The coldest winter I ever spent was summer in San Francisco

Apparently Mark Twain never said that coldest winter quote. It was probably another witty journalist who went penniless to his or her grave.

Nevertheless this Sunday morning the time had come for one of our speedy trips into San Francisco and we knew it was going to be chilly. We never seem to last long in San Fran – but we have fun while we are there.

I had found an excuse to drag the whole family out. It was the 14 year old’s final orienteering meet for the year – he belongs to an orienteering club at high school – they arrive at regional parks on a Sunday morning with a map and compass and get from A to B as quickly as they can  – and the final event for the year  was being held at Golden Gate Park.   We had only been there once and that was to visit the wonderful California Academy of Sciences but I wanted to see more. Golden Gate Park is no Central Park, I don’t think, but in size, it trumps New York by 20 per cent and it is very well used and beloved by San Franciscans.

We left the house with the usual snarky comments from the back seat –  the 13 year old NOT going orienteering and being dragged away from his computer to his chagrin: “This is stupid, do you even know where you are going?”

We were over the Bay Bridge in no time – despite an astonishing amount of traffic at 8.45 in the morning – it really does not let up here much on weekends – and then we were fighting against the one way system which dominates central San Francisco, nicely supplemented by many, many no left turn and no u-turn signs. Google Maps, schmoogle maps. But we got there after various manoeuvres,  dropped off the orienteering chap at Marx Meadow and then strolled over to what we discovered was Richmond. We had to keep moving, the San Francisco chill was beginning to settle into our bones.

Living in Berkeley, you just assume all the housing in San Francisco is drop dead expensive and walking along 43rd St and Balboa, we could only imagine it was. It was very residential and quiet with plenty of space for parking and even garages but bare, very few trees or vegetation and not lots of character. I much prefer the Haight-Ashbury area, also near the park but a bit further away.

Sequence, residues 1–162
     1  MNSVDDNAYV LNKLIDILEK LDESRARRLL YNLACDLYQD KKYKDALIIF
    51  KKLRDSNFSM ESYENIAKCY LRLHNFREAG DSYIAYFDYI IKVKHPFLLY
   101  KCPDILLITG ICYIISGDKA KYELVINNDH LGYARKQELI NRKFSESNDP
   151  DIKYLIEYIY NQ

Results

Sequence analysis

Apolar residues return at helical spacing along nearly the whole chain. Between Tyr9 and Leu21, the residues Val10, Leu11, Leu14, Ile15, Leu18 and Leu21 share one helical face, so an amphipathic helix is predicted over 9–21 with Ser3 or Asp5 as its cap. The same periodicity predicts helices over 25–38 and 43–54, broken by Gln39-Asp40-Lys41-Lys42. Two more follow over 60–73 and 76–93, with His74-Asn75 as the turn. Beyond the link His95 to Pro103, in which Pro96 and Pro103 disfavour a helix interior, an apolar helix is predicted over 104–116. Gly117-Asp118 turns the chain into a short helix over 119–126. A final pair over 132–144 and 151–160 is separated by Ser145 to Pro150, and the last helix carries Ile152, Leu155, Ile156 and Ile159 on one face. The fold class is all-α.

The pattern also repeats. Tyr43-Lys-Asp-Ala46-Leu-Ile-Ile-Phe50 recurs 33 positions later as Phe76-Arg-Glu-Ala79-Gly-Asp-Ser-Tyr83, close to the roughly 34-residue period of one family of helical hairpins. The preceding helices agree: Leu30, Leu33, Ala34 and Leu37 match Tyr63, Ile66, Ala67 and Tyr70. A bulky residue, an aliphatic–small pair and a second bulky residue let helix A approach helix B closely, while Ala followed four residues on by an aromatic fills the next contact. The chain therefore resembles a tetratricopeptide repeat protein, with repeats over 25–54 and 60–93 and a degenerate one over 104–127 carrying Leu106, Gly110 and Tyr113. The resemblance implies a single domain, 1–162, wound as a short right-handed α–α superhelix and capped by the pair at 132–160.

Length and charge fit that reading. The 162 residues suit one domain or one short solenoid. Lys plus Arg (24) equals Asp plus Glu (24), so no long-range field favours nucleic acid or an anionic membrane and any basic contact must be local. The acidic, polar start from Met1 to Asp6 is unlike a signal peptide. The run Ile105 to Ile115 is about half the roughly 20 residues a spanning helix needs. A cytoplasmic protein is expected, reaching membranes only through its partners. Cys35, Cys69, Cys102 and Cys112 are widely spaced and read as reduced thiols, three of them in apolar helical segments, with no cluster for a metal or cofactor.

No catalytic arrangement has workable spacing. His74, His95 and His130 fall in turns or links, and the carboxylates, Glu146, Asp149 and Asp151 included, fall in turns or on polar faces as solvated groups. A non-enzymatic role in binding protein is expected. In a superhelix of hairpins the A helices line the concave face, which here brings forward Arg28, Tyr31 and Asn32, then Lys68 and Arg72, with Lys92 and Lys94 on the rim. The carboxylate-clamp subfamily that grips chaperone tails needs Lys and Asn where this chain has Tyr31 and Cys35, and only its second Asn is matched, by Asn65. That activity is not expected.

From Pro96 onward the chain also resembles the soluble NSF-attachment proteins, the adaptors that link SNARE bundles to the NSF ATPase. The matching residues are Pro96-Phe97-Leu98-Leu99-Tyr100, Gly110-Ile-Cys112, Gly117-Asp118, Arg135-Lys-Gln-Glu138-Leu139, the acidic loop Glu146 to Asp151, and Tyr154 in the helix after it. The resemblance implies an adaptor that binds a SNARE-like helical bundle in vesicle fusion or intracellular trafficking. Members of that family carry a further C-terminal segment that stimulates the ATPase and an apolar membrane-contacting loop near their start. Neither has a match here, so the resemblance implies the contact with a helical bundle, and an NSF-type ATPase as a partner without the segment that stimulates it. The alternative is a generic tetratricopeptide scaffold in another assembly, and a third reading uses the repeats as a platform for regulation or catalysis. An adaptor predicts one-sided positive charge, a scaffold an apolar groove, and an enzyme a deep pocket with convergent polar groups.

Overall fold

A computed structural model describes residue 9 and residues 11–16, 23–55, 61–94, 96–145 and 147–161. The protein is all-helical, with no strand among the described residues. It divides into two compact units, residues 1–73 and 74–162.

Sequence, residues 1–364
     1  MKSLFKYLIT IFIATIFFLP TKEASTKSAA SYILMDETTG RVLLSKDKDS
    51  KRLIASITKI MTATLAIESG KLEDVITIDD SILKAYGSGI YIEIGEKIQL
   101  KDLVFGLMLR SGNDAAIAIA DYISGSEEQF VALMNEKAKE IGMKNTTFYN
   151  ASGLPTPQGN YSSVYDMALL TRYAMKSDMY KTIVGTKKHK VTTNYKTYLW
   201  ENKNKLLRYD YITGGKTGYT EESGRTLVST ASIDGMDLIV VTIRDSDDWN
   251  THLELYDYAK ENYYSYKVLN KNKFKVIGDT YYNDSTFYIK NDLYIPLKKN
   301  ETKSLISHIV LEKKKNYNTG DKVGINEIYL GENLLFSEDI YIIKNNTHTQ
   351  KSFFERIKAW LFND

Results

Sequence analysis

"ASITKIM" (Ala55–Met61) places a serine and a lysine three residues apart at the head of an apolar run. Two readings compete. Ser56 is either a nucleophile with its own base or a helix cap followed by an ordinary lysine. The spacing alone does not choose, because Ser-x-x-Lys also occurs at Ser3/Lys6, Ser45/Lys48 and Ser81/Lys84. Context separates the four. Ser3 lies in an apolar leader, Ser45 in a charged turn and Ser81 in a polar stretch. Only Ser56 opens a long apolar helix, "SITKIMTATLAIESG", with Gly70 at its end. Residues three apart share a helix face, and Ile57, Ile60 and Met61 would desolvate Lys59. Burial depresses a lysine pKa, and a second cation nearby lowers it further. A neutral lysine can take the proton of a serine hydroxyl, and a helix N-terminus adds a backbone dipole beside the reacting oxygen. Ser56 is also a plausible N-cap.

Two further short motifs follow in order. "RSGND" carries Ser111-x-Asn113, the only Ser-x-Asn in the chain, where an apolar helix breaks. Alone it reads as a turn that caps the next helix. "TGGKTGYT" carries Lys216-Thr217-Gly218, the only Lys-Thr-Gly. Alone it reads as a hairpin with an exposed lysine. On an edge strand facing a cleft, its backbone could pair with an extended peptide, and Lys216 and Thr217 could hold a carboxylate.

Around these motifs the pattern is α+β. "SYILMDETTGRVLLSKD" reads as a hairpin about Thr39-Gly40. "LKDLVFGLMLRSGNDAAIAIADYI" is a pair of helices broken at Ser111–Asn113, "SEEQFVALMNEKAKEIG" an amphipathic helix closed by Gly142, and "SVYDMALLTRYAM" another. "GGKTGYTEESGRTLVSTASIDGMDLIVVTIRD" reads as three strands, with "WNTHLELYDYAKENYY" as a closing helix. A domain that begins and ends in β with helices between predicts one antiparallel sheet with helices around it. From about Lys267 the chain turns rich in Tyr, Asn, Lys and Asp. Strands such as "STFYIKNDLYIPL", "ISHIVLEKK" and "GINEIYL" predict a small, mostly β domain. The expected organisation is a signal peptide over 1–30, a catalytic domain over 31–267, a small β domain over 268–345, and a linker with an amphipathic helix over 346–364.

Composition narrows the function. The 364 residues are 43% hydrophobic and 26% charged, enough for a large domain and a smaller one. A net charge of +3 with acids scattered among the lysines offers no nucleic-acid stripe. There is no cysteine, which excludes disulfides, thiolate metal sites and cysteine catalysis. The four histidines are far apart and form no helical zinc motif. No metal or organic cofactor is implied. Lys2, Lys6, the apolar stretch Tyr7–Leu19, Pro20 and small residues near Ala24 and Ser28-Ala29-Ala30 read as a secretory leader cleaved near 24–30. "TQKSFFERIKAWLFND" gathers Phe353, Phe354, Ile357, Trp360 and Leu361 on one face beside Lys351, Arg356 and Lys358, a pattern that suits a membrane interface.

The main mission was a hunt for second breakfast. You always expect a good food experience when you go to San Francisco. After a bit of searching and asking people, we came across a cluster of shops and cafes on Balboa Street and 38th. I knew I had found our cafe as soon as we walked in. It was shabby San Francisco – not one of those upmarket places with its own PR company and website – Nibs was just good baking, applesauce muffins coffee cake and croissants, a piano, a bookshelf crammed with books, a cute dog and quirky locals. You felt like getting out the vacuum cleaner and a hot sponge but we weren’t there for long. The main topic of conversation as we munched was the NZ – England cricket test which was looking pretty hairy. The Black Caps are never far from our thoughts. A wonderful respite before we returned to Marx Meadow and a chocolate croissant for the boy who had actually done some exercise.

The park had slightly warmed up by the time we returned. Fit-looking Dads were jogging with their blanket-covered toddlers – who frankly looked as if they were ruing the moment they volunteered to go out for an “adventure” with Daddy and leave Mummy to have a lie-in. Meanwhile a wonderful sight to go home with, a mature Chinese man resplendent in full Scottish kilt with bagpipes at the ready, talking on his cell phone. He was probably trying to track down the rest of his band.

By the time we got back home to Berkeley, the sun was just starting to peep behind the clouds and the afternoon was beautiful and sunny. A friend of mine moved from San Francisco to Berkeley for the weather and I don’t blame him.  Brrr. Note to self, next time we go into San Fran, don’t even think about it til the afternoon.